Tapping his toes with excess energy, one of the Sons of Thunder, itching to get moving, jumps to his feet and blurts out, “Forget the egghead stuff! We are weak because we have no POWER in the synagogues! First we must build a coalition of leaders with AUTHORITY who can MAKE THINGS HAPPEN!”
Unconvinced, a small voice pipes up, “Maybe in time we can do that, but right now we don’t even have the right people on the ox cart. We need to get some of the upper class on board before we go public any more than we already have.”
As the chair, Peter tests for a consensus. “It sounds like we are agreed then that we’ll take a go-slow approach and build capacity before rolling out to the public. We need to do some recruiting to our ranks, some training and some coalition building before the public phase.” Hearing no opposition, he suggests they move on to develop a strategy for the public phase so they are ready for it when it is the right time.
This was a short discussion as they decide, due to quality control concerns, that only the apostles should present the Gospel to anyone. People speaking to family, friends and workmates would not be allowed to present the Gospel message, but would invite people to one of the mass evangelism events instead.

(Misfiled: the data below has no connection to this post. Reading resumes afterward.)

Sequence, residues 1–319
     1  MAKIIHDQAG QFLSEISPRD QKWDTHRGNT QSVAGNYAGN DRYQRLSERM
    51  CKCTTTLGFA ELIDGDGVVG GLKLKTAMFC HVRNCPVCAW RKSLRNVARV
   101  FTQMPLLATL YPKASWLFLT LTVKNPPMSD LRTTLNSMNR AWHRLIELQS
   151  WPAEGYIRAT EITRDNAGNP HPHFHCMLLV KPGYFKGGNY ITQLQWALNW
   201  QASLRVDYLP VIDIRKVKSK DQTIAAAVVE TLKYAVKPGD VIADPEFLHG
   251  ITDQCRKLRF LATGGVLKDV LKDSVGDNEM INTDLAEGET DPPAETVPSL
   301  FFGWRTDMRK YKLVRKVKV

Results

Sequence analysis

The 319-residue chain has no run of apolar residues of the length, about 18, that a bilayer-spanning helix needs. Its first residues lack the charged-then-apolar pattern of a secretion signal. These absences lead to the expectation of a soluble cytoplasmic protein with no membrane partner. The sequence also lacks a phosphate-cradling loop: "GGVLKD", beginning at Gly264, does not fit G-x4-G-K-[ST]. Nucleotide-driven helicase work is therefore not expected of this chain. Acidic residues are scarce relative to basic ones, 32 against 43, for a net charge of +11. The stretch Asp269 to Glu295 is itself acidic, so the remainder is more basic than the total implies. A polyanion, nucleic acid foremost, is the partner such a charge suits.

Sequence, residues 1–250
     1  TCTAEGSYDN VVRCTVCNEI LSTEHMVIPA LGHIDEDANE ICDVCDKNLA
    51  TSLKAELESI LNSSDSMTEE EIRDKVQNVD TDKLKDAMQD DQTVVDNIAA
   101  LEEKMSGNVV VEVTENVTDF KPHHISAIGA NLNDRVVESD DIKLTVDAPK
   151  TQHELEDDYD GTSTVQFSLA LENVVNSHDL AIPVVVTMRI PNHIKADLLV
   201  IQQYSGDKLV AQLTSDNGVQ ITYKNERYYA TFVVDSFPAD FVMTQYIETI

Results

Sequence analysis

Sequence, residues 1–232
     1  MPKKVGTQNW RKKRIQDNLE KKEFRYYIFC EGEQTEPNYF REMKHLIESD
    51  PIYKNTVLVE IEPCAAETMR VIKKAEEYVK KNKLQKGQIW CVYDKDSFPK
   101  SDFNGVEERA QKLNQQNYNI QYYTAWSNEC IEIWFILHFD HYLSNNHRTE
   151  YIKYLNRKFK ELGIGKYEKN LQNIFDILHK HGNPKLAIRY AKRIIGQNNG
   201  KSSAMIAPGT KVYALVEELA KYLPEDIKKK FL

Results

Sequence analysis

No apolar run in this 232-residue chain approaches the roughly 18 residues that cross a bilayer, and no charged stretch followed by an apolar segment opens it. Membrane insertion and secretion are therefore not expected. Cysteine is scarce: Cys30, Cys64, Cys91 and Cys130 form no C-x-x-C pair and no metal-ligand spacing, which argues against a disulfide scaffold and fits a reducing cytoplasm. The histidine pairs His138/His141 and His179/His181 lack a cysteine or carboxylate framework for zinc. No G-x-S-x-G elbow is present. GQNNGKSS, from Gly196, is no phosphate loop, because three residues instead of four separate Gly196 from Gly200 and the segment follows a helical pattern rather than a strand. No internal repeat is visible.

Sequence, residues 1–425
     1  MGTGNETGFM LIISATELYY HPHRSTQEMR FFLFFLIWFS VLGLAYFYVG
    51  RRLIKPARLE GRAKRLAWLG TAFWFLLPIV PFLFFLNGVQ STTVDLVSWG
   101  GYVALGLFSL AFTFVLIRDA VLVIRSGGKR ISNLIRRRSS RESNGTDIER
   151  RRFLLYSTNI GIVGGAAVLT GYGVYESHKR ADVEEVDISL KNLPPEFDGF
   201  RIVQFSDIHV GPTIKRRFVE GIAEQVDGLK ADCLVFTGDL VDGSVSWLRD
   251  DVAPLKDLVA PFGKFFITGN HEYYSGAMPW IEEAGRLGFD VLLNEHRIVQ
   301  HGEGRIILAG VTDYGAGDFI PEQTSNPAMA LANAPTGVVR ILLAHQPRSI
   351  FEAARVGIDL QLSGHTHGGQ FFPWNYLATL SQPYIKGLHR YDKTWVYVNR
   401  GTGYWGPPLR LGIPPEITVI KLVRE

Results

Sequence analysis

“Let’s see,” Matthew comments while calculating figures on his tablet. “If Peter could convert 3,000 in one sermon, I think a good target to shoot for, assuming we take a course and get more polished in our oratory skills, would be 5,500 people per sermon, and we should be able to do, what, ten sermons a week? All we need is to have an advance group assemble a crowd so when the evangelist shows up he can concentrate his time on working in his area of strength – preaching. So anything less than 3,000, which Peter already has shown is attainable with no sermon prep time and no training I might add, is not acceptable.”
Suddenly the scene blurs as we jump forward a few months to hear Thomas ask, “How are we doing? Do you think we’ve done what we said we’d do? Let’s do a program review.”
“Whoa!” someone exclaims. “We don’t need to go through that exercise. It’s obvious. Just look at what happened to Stephen. And Jerusalem is too hot for us to do anything in public anymore. Doesn’t look like this certainty about our beliefs is going to take us very far. I think we need to fine tune the message and appear more reasonable. The hardline approach doesn’t work well.”